130. Nigel Gibson, 'Upright and free: Fanon in South Africa, from Biko to the shackdwellers' movement (Abahlali baseMjondolo)', Social Identities (Volume 14, Issue 6 November 2008 , pages 683 – 715)
  131. [Various entries at Abahlali baseMjondolo http://www.abahlali.org]
  132. Transforming the basis of knowledge, Budd Hall, University World News, 25 May 2013
  133. 1 2 A Quiet Coup: South Africa’s largest social movement under attack as the World Cup Looms Toussaint Losier, Left Turn Magazine, June 2010
  134. Shack dwellers threat to Cup Archived 26 June 2010 at the Wayback Machine. Francis Hweshe, The Sowetan, 1 June 2010
  135. South Africa: from Polokwane to the World Cup and after, Martin Legassick, World Wide Socialist Network, 9 July 2010
  136. Richard Pithouse' Thinking Resistance in the Shantytown', Mute Magazine, August 2006 Archived 25 October 2008 at the Wayback Machine.
  137. Abahlali baseMjondolo, Spatial Agency. Spatialagency.net. Retrieved on 4 December 2011.
  138. Abahlali’s Vocal Politics of Proximity: Speaking, Suffering and Political Subjectivization, Anna Selmeczi, Journal of Asian and African Studies, October 2012 vol. 47 no. 5 498-515
  139. The movement's philosophy is clearly articulated in a number of statements on its website – see, especially, the statements at http://abahlali.org/node/3208 It is also usefully summarised in the academic work by Nigel Gibson
  140. Archived 28 March 2012 at the Wayback Machine. Also see 'Taking poverty seriously: What the poor are saying and why it matters' by Xin Wei Ngiam in Critical Dialogue, Vol.2, No.1, 2006
  141. Educating resistance by Anna Anna Selmeczi in Debating David Harvey in Interface Journal (pp. 309 – 314), Volume 2 issue 1 (May 2010)
  142. We are being left to burn because we do not count: Biopolitics, Abandonment, and Resistance by Anna Selmeczi in Global Society, Volume 23, Issue 4 October 2009 , pages 519 – 538
  143. 1 2 Politics of Grieving Archived 26 January 2012 at the Wayback Machine., by Drucilla Cornell, Social Text, 2011
  144. Report on the Attack on Abahlali baseMjonolo in the Kennedy Road settlement by the Development Planning Unit of University College London, by Malavika Vartak, 2009
  145. http://abahlali.org/node/7619 Morgan Rodgers Gibson (2010) 'Anarchism, the State and the Praxis of Contemporary Antisystemic Social Movements', Website of Abahlali baseMjondolo, December, 2010]
  146. Modern Anarchist Societies Series – Abahlali baseMjondolo || The Autonomous Exemplars of South Africa Archived 16 July 2011 at the Wayback Machine.. Shwagr.com. Retrieved on 4 December 2011.
  147. Morgan Rodgers Gibson (2009) 'The Role of Anarchism in Contemporary Anti-Systemic Social Movements', Website of Abahlali baseMjondolo, December, 2009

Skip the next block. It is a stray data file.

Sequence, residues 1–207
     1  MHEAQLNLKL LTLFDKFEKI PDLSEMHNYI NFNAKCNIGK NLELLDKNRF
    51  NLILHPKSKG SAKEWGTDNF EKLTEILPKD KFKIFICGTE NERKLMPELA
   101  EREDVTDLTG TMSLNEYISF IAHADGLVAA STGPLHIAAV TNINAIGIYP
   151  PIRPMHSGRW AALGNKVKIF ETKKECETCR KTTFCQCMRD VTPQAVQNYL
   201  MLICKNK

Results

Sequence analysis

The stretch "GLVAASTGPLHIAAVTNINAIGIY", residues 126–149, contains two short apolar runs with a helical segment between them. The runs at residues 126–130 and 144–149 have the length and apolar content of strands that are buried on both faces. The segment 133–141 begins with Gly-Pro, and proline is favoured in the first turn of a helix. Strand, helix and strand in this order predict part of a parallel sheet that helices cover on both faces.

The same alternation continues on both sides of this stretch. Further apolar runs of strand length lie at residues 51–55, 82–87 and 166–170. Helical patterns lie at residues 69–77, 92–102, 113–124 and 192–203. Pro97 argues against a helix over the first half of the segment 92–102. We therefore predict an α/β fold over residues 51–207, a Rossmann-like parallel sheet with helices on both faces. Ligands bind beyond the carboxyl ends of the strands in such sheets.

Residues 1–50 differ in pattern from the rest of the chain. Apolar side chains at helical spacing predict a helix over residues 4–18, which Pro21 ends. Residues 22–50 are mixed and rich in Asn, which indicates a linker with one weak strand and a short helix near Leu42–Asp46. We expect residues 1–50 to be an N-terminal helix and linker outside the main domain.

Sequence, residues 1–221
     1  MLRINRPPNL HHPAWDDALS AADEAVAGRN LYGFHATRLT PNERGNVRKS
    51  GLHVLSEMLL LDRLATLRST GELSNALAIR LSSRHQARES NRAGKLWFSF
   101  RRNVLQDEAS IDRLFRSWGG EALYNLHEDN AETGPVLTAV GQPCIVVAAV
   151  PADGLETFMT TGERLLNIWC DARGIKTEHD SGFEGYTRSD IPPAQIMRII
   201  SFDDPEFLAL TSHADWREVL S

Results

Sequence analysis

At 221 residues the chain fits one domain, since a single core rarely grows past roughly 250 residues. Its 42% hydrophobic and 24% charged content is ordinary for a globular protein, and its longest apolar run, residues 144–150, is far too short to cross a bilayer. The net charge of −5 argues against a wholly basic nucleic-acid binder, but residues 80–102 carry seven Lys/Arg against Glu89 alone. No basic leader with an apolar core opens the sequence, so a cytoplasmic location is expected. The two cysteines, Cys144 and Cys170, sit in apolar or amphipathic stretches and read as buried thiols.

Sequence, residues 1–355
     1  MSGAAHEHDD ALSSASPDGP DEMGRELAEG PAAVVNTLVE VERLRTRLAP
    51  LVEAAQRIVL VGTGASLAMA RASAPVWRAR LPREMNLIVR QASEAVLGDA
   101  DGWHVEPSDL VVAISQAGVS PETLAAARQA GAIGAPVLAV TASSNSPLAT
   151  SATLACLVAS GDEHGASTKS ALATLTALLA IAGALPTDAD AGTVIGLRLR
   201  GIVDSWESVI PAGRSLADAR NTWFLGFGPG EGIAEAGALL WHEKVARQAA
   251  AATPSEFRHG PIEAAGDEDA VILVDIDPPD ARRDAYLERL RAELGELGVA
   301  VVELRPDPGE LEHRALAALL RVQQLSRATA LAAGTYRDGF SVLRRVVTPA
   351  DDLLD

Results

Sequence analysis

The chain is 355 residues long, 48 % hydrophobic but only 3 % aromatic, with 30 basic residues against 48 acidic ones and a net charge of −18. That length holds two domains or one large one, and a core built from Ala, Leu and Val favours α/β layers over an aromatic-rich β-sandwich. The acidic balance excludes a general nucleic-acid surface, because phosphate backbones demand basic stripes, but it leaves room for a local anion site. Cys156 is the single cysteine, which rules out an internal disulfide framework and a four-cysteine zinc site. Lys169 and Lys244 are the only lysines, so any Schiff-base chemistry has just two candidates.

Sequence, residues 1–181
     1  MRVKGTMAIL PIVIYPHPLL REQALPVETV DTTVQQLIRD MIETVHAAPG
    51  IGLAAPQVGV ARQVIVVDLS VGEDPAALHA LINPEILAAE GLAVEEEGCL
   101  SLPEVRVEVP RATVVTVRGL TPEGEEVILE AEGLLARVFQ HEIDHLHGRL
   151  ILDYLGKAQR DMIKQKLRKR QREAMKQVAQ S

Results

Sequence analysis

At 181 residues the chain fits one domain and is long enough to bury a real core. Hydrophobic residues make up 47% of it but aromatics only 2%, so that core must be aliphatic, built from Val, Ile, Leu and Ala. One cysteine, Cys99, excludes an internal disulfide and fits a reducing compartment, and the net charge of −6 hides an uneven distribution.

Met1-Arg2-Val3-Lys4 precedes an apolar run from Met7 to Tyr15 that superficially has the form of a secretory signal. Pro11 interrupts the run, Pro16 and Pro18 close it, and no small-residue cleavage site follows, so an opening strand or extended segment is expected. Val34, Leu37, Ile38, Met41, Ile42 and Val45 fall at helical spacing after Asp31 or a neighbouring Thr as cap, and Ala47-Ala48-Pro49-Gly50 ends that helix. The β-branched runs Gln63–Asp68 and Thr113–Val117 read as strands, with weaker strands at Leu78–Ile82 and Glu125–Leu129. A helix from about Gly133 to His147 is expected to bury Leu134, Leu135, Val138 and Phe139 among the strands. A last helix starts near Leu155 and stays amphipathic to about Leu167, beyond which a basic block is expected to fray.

148. Elections: A Dangerous Time for Poor People's Movements in South Africa
  149. "No Vote” Campaigns are not a Rejection of Democracy, November 2005
  150. W Cape voters ‘not predictable’, Quinton Mtyala and Babalo Ndenze, The Cape Argus, 18 May 2011
  151. ‘No Land! No House! No Vote!’, The Mercury, By SINEGUGU NDLOVU AND BRONWYN FOURIE, 19 May 2011
  152. Deep Read: 'Born free' voters may not choose ANC, JON HERSKOVITZ, Mail & Guardian, 29 January 2013
  153. Economies Go UndergroundRobert Neuwirth, Forbes, 09.09.10,
  154. Be angry with government, not cops, Lee Rondganger, Lyse Comins and Nosipho Mngoma, The Daily News, 2014
  155. We will vote, but not ANC: Abahali, Nosipho Mngoma, The Daily News, 29 April 2014
  156. Abahlali Basemjondolo publicly endorse the DA for the elections Archived 3 May 2014 at the Wayback Machine. Sizwe Mchunu, DA Leader in KwaZulu-Natal, 2 May 2014
  157. Article by S'bu Zikode written in response to Third Force allegations
  158. See a report in illegal police repression in South Africa by the Freedom of Expression Institute. Fxi.org.za (9 November 2011). Retrieved on 4 December 2011.
  159. 1 2 3 Dissent Under Thabo Mbeki, Jane Duncan, May 2011
  160. Nigel C. Gibson, Living Fanon: Interdisciplinary Perspectives (2011: London, Palgrave Macillan)
  161. Shack Dwellers on the Move in Durban, Richard Pithouse, Radical Philosophy, 2007
  162. Yonk'indawo Umzabalazo Uyasivumela: New work from Durban, Research Report. (PDF) . Retrieved on 4 December 2011.
  163. This is discussed in the Journal of Asian & African Studies Feb 2008; vol. 43: pp. 63 – 94.http://jas.sagepub.com/cgi/content/abstract/43/1/63%5Bpermanent+dead+link%5D
  164. Also see a letter from the Freedom of Expression Institute, 23 February 2008, which gives a detailed chronology of the banning of one march. (PDF) . Retrieved on 4 December 2011.
  165. Article in the Daily News
  166. Statement by the Freedom of Expression Institute. Fxi.org.za (9 November 2011). Retrieved on 4 December 2011.
  167. Will Zuma administration open its ears to the streets?, Jane Duncan, Business Day, 4 August 2009]
  168. Richard Pithouse, 'South Africa: Freedom not yet', Pambazuka, 29 April 2010